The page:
How Long Does Kratom Stay in Your System?

2 min read · 5 sections
Evidence-Based Care
Expert Staff
Kratom refers to both a tree that grows in Asia as well as herbal products and substances produced from that tree. Kratom leaves are used for medicinal purposes and brewed into tea and consumed as a form of stimulant. Learn more about kratom and factors that affect the metabolization process.

Kratom Use

Supplement kratom green capsules and powder on brown plate.

The U.S. Drug Enforcement Administration (DEA) does not designate kratom as a controlled substance, but the substance has been recognized by the DEA as a substance of concern. According to information provided by the DEA, when consumed in low doses, kratom has stimulant-like properties. However, at higher doses, the substance has properties that simulate the actions of opioids, particularly pain-relieving and analgesic properties.

The DEA is unable to estimate the extent to which kratom is used in the United States, but the drug has a sort of cult-like following. In fact, several groups, including the American Kratom Association are actively involved in garnering support for the medicinal use of the substance, particularly for its pain-relieving qualities and its potential usefulness in addressing opioid withdrawal symptoms.

Effects of Kratom

One textbook, “Kratom and Other Mitragynines: The Chemistry and Pharmacology of Opioids,” reports that the major ingredient in kratom is the alkaloid substance mitragynine. Again, when taken at lower doses, it has effects similar to central nervous system stimulants such as caffeine and methylphenidate (the active ingredient in drugs such as Ritalin), and at higher doses, it produces euphoria, sedation, and analgesic (pain-relieving) effects. It may also have some unwanted side effects, such as sweating, overheating, reduced appetite, frequent urination, diarrhea, nausea, and/or weight loss.

Most research studies investigating the long-term effects of the drug are based on case studies, which are reports of a single instance of long-term drug use. Case studies provide less effective evidence than studies that use groups of individuals and look at the overall effects of the drug. However, some case studies have suggested that chronic use of the drug may produce physical dependence resulting in withdrawal when the substance is discontinued or the dose is significantly decreased.

Kratom Half-Life

Since kratom is not a formal medicinal drug, no specific guidelines exist for medicinal use nor the substance’s half life. The half-life of a drug is the amount of time that it takes a person’s metabolism, particularly the liver, to break down the drug and reduce it by half its concentration in the person’s system.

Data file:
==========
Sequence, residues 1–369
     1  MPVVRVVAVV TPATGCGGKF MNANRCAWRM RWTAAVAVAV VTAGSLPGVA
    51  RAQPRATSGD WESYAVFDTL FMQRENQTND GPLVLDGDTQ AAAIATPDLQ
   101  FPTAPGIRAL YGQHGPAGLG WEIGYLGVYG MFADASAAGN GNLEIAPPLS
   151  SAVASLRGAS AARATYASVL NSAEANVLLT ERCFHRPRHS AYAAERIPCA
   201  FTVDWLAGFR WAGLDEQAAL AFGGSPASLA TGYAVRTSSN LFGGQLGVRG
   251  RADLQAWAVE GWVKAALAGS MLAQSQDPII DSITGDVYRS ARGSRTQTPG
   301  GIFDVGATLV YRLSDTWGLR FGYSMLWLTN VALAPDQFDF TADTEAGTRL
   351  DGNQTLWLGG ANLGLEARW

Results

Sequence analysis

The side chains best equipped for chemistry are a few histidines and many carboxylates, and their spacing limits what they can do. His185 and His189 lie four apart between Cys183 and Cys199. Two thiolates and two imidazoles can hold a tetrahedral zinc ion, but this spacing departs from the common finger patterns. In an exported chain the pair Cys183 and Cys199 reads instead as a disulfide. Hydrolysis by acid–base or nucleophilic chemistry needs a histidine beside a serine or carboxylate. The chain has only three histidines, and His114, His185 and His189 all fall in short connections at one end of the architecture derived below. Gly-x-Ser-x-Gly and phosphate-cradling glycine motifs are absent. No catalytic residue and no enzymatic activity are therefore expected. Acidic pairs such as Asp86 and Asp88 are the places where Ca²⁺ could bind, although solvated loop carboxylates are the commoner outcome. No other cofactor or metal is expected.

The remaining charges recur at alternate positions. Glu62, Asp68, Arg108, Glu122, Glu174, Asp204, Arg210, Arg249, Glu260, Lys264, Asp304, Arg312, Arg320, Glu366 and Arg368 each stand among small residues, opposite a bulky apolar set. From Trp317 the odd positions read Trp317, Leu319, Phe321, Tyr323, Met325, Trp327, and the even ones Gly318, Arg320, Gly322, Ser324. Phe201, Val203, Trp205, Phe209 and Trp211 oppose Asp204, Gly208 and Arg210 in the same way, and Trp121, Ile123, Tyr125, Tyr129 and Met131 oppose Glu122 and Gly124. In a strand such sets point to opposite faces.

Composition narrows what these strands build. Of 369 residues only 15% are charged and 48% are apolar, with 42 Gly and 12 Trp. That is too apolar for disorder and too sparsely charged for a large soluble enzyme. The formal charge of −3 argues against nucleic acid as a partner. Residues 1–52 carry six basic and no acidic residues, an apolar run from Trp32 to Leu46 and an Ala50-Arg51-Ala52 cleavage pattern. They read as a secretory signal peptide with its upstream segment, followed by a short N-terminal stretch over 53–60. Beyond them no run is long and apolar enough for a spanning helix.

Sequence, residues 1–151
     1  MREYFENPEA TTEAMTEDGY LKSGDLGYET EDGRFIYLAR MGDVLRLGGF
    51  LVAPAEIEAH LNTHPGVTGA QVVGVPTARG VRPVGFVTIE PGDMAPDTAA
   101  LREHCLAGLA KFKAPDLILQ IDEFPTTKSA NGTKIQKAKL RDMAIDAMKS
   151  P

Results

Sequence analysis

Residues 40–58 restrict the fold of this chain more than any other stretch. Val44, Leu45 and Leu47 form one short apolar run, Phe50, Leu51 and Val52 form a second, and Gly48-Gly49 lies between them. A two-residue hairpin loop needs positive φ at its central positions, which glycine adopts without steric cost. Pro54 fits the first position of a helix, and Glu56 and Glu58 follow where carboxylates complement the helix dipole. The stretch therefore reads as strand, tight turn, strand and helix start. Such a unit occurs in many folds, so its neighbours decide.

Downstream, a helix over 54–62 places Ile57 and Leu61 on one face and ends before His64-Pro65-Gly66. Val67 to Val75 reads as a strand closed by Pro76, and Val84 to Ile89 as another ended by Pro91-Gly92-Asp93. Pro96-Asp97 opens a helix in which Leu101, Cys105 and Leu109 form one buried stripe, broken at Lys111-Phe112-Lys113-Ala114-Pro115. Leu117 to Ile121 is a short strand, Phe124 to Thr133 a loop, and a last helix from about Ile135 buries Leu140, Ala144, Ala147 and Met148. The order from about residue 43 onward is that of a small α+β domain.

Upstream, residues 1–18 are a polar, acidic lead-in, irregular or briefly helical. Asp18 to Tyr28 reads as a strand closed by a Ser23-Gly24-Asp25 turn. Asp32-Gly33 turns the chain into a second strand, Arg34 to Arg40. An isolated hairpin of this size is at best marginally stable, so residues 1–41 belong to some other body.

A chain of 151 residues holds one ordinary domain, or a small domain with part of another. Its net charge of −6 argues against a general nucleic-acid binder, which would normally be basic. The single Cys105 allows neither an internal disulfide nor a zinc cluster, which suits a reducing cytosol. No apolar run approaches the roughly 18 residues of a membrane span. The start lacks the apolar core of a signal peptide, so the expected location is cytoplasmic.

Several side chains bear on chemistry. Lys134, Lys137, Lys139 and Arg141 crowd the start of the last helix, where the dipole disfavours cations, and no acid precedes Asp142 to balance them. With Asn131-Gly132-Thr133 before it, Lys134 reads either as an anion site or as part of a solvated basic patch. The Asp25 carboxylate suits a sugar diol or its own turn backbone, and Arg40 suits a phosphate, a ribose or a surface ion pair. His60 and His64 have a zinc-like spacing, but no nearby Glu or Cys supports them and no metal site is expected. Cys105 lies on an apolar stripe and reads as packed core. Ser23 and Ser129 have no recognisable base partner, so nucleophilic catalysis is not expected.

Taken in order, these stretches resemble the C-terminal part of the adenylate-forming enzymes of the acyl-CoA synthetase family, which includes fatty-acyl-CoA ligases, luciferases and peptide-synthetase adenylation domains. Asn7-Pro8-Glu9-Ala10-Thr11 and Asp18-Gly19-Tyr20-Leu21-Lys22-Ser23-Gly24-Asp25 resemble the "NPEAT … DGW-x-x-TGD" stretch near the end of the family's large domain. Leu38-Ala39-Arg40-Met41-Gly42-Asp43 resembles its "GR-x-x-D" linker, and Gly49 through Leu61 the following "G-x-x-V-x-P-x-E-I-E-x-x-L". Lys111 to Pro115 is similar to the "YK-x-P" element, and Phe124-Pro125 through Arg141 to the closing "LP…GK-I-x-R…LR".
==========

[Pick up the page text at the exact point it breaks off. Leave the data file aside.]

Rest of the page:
How Long Does Kratom Stay In Your System?

Laboratory test Urine analysis on blurred background.

Since kratom testing isn’t part of most drug panels, it’s difficult to determine how long kratom can be detected in a person’s system. That said, some specialized detection tests, such as a 10-panel drug test for kratom and its metabolites, can be employed.

The speed at which a drug exits the body or is metabolized varies dramatically according to a host of factors.  To best determine how long kratom stays in your system, it’s best to speak with a healthcare provider, who can also assist with detox and treatment if necessary.

That said, the effects of the mitragynine found in kratom appear to be dose-dependent, as taking larger amounts of the substance may result in effects potentially lasting for several hours or longer. Additionally, those who chronically use kratom tend to have longer windows of detectability.

What Impacts How Long Kratom Is In Your System?

For those individuals who take the specialized 10-panel screen, there are several variables that can influence the length of time the drug can be detected in the system.

  • Body weight is an important variable that can influence the length of time a drug remains in a person’s system. As a general rule of thumb, because mitragynine is fat-soluble, it will remain in the systems of heavier individuals longer than it will remain in the systems of individuals with less body fat.
  • Since it appears that the effects of the drug are dose-dependent, the amount of drug a person uses can affect the time it remains in the system.
  • Age is a common factor in the metabolism of drugs. Older individuals tend to metabolize drugs more slowly than younger individuals.
  • Combining drugs can affect their elimination rate from the body. This is particularly true if someone combines drugs with alcohol because the liver gives priority to metabolizing alcohol over all other substances. Thus, alcohol is metabolized first (at about the rate of one ounce of pure alcohol per hour), and other drugs are metabolized later.
  • Other factors such as a person’s health, individual metabolism, and specific types of medical conditions can influence how long a drug remains in a person’s system. For example, someone with cirrhosis of the liver will usually metabolize substances more slowly.
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